This article first appeared in the St. Louis Beacon, Sept. 14, 2011 - The history of music is an account of quite limitless invention, innovation and adaptation. There's evidence, for example, that flutes were made of animal bones as long as 37,000 years ago, but one suspects that for millennia before that invention, prehistoric men and women and children were making musical sounds with their hands and feet, with rocks and sticks and sinews -- and of course with their own voices.
Writing prose, as Cole Porter said to music, anything goes. And so it goes with musical instruments. Modern musical instruments differ dramatically from their ancestors. The oboe I play today is very different from the oboe of Bach's time.
And then there are instruments created imaginatively from materials and objects that versatile, non-traditional music-makers find at hand -- for example, mellow-sounding steel drums from 55-gallon drums. Still, who would expect a chessboard to become a keyboard for music.
Guido van der Werve did. He thought it would be a terrific idea and set about making such an instrument, a chessboard layout with the mechanics of a piano. It is an elegant object, square; and the surface of it is arranged in 64 squares, eight squares by eight, which coincidentally comprise the musical octaves of the major and minor scales.
On Tuesday evening at the newly opened World Chess Hall of Fame in the Central West End, van der Werve and pianist Matthew Bengtson played this instrument to the moves of a game created by chess grandmaster Leonid Yudasin. The piece, of van der Werve's composing, is called "Number Twelve: Chess Piano Concert in Three Movements."
A string ensemble of nine musicians -- four violins, two violas, two cellos and a bass -- accompanied the duo at chessboard. Ward Stare, resident conductor of the St. Louis Symphony Orchestra, conducted. He responded to the chess-playing pianists rather than they to his conducting.
As a move was completed and a note was sounded, the strings responded to the note produced on the chessboard. The pawns, rooks, knights, bishops, kings pieces were pressed down on the squares on the board, which in turn slipped down a half an inch or so, to activate the hammers that struck the strings to produce music.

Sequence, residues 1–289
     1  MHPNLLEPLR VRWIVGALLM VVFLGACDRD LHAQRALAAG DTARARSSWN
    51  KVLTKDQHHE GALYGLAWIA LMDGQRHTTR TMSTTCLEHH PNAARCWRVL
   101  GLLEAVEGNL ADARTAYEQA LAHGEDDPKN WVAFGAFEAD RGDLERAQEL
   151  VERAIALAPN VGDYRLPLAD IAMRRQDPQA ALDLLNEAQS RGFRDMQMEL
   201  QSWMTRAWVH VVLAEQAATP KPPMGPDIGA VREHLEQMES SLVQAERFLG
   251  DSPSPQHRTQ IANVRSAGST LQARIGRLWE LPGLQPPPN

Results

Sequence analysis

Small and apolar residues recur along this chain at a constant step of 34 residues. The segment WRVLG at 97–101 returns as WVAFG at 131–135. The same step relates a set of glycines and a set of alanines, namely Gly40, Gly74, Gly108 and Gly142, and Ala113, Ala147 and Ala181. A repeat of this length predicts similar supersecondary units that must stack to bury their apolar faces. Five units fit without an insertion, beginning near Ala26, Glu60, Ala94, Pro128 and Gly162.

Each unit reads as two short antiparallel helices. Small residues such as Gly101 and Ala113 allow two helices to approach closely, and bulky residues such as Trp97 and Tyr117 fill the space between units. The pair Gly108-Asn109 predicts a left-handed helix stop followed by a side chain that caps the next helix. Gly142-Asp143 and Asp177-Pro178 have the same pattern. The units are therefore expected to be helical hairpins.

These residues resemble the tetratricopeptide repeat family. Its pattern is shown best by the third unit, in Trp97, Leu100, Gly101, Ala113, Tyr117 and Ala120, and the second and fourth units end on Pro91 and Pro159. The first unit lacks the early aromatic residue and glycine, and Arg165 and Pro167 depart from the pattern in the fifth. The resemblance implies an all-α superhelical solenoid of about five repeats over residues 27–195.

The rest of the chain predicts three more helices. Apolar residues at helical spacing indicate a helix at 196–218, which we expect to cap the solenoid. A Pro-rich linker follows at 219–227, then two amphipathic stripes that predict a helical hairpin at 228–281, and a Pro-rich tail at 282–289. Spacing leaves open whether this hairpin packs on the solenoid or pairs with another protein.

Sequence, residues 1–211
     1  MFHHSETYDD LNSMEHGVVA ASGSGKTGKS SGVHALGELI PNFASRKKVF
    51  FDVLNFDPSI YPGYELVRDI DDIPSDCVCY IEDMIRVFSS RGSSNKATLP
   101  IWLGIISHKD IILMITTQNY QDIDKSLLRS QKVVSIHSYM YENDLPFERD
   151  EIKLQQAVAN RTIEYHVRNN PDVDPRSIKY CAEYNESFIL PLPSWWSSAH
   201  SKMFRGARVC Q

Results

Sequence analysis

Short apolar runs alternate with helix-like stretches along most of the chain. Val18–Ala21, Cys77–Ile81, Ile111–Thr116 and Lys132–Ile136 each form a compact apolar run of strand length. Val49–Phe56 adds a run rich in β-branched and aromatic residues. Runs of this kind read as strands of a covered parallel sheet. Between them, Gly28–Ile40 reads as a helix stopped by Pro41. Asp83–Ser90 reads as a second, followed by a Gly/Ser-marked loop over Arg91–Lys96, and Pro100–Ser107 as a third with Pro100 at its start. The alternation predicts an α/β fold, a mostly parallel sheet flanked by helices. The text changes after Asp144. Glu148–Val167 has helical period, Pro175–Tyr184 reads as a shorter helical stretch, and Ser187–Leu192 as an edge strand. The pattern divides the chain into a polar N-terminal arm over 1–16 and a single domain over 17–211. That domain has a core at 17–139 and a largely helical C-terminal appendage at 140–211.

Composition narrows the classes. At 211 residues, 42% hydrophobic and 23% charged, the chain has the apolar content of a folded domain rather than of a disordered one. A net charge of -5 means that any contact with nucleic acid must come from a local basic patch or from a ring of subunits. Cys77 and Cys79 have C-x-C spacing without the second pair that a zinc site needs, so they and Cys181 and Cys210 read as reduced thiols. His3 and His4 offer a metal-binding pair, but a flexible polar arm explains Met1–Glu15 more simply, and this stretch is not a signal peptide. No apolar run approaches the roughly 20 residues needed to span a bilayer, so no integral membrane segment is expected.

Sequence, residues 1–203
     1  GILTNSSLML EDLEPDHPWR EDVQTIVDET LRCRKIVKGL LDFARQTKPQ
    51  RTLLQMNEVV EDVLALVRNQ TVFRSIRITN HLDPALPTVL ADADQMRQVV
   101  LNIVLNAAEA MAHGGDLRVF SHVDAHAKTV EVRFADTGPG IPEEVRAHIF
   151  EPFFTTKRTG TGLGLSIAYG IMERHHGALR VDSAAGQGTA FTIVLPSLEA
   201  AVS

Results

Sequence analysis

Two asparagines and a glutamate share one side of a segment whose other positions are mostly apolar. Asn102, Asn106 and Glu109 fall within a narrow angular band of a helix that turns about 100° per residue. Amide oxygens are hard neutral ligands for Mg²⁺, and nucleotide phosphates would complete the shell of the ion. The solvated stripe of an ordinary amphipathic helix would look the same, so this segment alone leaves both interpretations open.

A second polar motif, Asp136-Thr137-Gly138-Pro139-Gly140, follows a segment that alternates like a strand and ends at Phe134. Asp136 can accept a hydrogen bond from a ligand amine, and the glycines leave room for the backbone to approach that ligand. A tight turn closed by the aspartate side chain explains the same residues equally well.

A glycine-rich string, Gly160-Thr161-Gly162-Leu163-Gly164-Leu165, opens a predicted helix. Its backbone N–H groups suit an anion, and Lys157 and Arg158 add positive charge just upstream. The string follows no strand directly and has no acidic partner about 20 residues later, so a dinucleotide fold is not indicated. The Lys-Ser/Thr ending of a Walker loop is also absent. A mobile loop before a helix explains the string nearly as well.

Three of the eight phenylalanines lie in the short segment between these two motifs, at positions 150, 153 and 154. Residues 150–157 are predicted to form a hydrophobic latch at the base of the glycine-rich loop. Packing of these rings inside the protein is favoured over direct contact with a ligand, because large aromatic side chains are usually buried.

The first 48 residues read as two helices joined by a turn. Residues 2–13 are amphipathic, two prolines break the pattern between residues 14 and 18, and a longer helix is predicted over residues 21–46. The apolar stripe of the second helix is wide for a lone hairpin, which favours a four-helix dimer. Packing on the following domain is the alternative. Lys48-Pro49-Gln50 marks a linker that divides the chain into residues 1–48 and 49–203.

Here endeth the mechanical and musical explanations, tortured as they must appear to the patient reader. Nevertheless, it is important to take into account the technical side of this innovation because of its genuine inventiveness and fascinating qualities. Any suspicion that might lurk in the cynical mind that this might be a come-on was dispatched, Van der Werve's music is quite listenable and the sound of the chess-box piano was melodious. The Symphony musicians played with their usual distinction.
Chess, it seems to me, is intellectual and solemn and contemplative to the point of melancholy. "Number Twelve" struck me as fitting neatly into that serene and reflective groove, and was indeed melancholy, but without the depressive part of that condition. The picture it painted for me was country-house romantic, a pretty library room on a rainy afternoon, where an option, besides settling in with a good book, was to play a game of chess.
Chess playing, like music making, is cerebral, physical, mathematical, idiosyncratic, theoretical, complicated, intense and gratifying, It consists of moments of extraordinary activity, then rests, or moments of reflection. Such activity was reflected in the piano parts of the concert. As the music progressed through the three movements, activity increased as the moves on the board took a faster turn.
Symphony music director David Robertson noted that only one game is played in "Number Twelve," and that it ends in a stalemate.
And in a very moving, entirely poetic and philosophical way, so does the music.
At the end of the piece, after the stalemate is understood, and the piano plays no more, the violins and violas take up a sustained, mesmerizing "A." This note, which is played to tune the orchestra at the beginning of every performance, becomes the final note of the van der Werve concert.
But of even greater consequence than this musical Alpha and Alpha is the realization that the chess piano concert has no ending. Stare said a musician called to his attention the fact that there is no concluding bar line, or music end, in the score.
Right, he said.
Thus it is that "Number Twelve," like the chess game that animates it, is unresolved. It never really ends.